Evidence suggests that much of the rangewide decline of this species has occurred within the past few decades. Specific causes of the decline and disappearance of the Alabama pearlshell from historical stream localities are unknown. However, they are likely related to past and present land use patterns. Many of the small streams historically inhabited by the Alabama pearlshell are impacted to various degrees by nonpoint-source pollution.
The round ebonyshell (
Very little is known about the habitat requirements or life history of the round ebonyshell. It occurs in small to medium rivers, typically in stable substrates of sand, small gravel, or sandy mud in slow to moderate current. It is believed to be a short-term brooder, and gravid females have been observed in the spring and summer. The fish host(s) for the round ebonyshell is currently unknown (Williams
The round ebonyshell is known only from the main channel of the Escambia-Conecuh River and is the only mussel species endemic to the drainage (Williams
The round ebonyshell has a very restricted distribution (Williams and Butler 1994, p. 61), with its current range (based on live individuals and shell material) confined to approximately 144 km (89 mi) of the Escambia-Conecuh River main channel. The round ebonyshell is also considered to be extremely rare (Williams
The southern kidneyshell (
Very little is known about the habitat requirements or life history of the southern kidneyshell. It is typically found in medium creeks to small rivers in firm sand substrates with slow to moderate current (Williams
The southern kidneyshell is endemic to the Escambia, Choctawhatchee, and Yellow River drainages in Alabama and Florida (Williams
Since 1995, the southern kidneyshell has been detected at only 10 locations within the Choctawhatchee River drainage. The species appears to have been common historically (in 1964, H. D. Athearn collected 98 individuals at one site on the West Fork Choctawhatchee), but it is currently considered one of the most imperiled species in the United States (Blalock-Herod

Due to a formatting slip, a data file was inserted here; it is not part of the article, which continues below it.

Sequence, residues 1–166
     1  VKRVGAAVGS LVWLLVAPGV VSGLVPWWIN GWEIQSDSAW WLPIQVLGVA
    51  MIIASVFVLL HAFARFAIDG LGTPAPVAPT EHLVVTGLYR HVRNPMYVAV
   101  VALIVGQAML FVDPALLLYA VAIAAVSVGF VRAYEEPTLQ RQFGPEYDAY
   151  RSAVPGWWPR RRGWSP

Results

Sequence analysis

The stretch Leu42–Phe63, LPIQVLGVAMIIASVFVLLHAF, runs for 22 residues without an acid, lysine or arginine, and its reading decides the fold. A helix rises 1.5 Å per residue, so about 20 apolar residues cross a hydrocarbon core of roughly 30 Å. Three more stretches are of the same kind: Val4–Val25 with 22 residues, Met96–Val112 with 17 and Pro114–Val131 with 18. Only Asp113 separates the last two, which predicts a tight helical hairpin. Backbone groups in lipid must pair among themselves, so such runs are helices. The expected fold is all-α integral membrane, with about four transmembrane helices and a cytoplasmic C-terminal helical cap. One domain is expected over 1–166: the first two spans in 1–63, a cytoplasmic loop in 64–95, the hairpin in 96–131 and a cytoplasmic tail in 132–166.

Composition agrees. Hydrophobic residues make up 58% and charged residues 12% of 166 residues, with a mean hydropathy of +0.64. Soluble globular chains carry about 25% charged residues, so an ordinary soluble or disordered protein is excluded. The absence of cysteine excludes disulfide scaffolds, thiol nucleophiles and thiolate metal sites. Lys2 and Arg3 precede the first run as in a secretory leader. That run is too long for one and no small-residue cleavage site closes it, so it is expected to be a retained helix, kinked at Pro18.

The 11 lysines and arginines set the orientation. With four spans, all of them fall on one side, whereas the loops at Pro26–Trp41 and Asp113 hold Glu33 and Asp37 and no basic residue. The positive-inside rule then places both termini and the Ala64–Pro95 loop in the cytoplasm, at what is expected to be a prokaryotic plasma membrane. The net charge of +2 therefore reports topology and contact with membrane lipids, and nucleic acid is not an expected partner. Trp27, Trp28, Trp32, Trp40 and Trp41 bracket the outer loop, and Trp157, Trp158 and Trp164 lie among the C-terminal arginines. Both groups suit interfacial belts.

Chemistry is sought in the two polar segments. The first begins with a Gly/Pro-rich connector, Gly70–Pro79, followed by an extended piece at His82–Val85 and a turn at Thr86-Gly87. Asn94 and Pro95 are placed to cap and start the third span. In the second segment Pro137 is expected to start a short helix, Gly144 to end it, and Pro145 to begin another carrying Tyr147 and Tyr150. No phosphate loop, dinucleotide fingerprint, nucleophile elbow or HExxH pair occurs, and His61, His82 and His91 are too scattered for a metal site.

The Choctaw bean (
Very little is known about the habitat requirements or life history of the Choctaw bean. It is found in medium creeks to medium rivers in stable substrates of silty sand to sandy clay with moderate current. It is believed to be a long-term brooder, with females gravid from late summer or autumn to the following summer. Its fish host is currently unknown (Williams
The Choctaw bean is known from the Escambia, Yellow, and Choctawhatchee River drainages in Alabama and Florida (Williams
The Choctaw bean persists in most of its historic range. However, it has experienced localized extirpations and its numbers are low, particularly in the Escambia and Yellow river drainages. Of 7 historical sites known to support the species within the Escambia River drainage, 1 location currently supports the species. Also, its numbers within the drainage are very low; a total of 14 individuals have been collected since 1995. Within the Yellow River drainage, the Choctaw bean is currently known from 4 locations which yielded 15 individuals total. In the Choctawhatchee River drainage, 3 of 10 historical sites examined recently continue to support the species. The Choctaw bean continues to persist in most areas and is currently known from a total of 37 locations throughout the drainage.
Heard (1975, p. 17) assessed the status of the Choctaw bean in 1975 and stated that it was formerly abundant in the main channel of the Choctawhatchee River in Florida, but has become quite rare. McGregor (2004, p. 103) considered the Choctaw bean vulnerable to extinction due to its limited distribution and habitat degradation, and classified it as a species of high conservation concern in Alabama. Williams
The tapered pigtoe (
The tapered pigtoe is found in medium creeks to medium rivers in stable substrates of sand, small gravel, or sandy mud, with slow to moderate current (Williams
The tapered pigtoe is endemic to the Choctawhatchee River drainage in Alabama and Florida (Williams
The tapered pigtoe appears to be absent from portions of its historic range and found only in isolated locations (Blalock-Herod